BACKGROUND ART 35
In U.S. Pat. No. 4,553,545 a device which can be expanded after insertion in a blood vessel by rotating a wire coil about its length to reduce the number of turns and thereby increase the diameter is disclosed. In U.S. 40 Pat. No. 4,503,569 a helically wound coil is formed of a memory Nitinol alloy which has a transition temperature in the range of 115 degrees to 125 degrees Farenheit. After placement in the vessel this coil is heated to regain its original larger shape. These approaches re- 45 quire either heat or mechanical forces to be applied to the apparatus, in order to expand the stent at the site, with the resulting trauma to the body.
In U.S. Pat. No. 4,580,568 a stent is formed of stainless steel wire of 0.018 inches diameter arranged in a 50 closed zig-zag pattern. The stent is compressed to reduce its size in order to position it within a sheath, which is used to locate the stent within the vascular system. A flat-ended catheter is used through the sheath to hold the stent in place in the passageway while the 55 sheath is withdrawn, allowing the stent to expand into its original shape to hold the passageway open and enlarged. According to the specifications the only energy stored in this stent to restore it to its original shape is stored in the bends. 60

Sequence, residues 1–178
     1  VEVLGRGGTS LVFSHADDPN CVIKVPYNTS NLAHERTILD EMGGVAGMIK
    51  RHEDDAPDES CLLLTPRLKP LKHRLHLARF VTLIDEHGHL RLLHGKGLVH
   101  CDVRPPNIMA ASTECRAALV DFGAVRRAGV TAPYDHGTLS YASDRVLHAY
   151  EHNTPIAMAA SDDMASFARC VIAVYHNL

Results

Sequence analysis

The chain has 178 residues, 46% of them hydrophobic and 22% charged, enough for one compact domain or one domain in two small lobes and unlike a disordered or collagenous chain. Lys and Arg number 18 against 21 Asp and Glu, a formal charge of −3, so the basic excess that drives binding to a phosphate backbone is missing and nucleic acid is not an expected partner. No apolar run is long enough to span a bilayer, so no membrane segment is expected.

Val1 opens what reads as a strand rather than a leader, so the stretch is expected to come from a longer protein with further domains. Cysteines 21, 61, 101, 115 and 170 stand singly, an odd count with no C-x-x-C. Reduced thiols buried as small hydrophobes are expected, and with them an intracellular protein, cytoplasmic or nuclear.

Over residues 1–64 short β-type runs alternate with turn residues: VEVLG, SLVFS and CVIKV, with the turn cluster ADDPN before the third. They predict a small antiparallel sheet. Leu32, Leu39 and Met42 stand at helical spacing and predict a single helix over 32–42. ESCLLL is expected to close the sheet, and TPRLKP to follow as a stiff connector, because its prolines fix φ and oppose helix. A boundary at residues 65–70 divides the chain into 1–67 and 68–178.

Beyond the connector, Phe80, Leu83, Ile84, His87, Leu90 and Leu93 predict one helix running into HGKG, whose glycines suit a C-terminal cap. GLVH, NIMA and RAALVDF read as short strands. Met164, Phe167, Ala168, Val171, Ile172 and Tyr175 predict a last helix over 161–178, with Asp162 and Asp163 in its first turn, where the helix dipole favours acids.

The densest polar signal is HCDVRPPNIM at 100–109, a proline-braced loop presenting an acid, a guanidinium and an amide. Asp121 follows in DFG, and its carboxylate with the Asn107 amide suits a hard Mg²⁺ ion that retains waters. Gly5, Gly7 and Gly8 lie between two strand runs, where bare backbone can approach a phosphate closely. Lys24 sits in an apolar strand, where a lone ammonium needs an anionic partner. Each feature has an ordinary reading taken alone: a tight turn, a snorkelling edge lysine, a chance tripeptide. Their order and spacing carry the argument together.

This device and delivery system suffers from a number of severe limitations and problems. Fashioning the stent from a continuous wire folded in a zig-zag fashion requires a sharp bend in the wire at each end of the stent to form this shape. A wire can only be bent at a ratio 65 which is some multiple of the wire diameter. The exact multiple will vary according to the property of the material. The example cited in the patent as claimed
uses a wire of 0.018 inches in diameter which is equivalent to 0.04572 centimeters and a bend ratio of no more than 0.2 centimeters. This is a ratio of approximately 1 to 4.37. Since the wire is bent to form the zig-zag shape there must be some angle formed between adjacent legs which limits the minimum spacing between these legs. A large amount of force is necessary to compress the stent when the stent is short since energy is only stored in the bends. If the stent is made relatively short in length with respect to the diameter then the amount of force necessary to bend the wires in order to compress the stent becomes large. This again is because the bends are the only place that energy is stored. Only if the stent is made relatively long with respect to the diameter is the force required to hold a vascular vessel open reduced. The claims specified stents of specific sizes 5.5 cm long X 4 cm diameter fully expanded and 3.0 cm long X 2.5 cm diameter fully expanded. This relatively long length and diameter results in forces which are compatible with the vascular system but can obviously only be used in very large peripheral arteries and veins. Another effect is the absolute minimum size to which the stent can be compressed. As mentioned earlier the angular relationship between adjacent wires at the ends limits the minimum spacing between adjacent wires which in turn limits the minimum diameter of the stent to a size which is incompatible with coronary arteries and like sized vessels.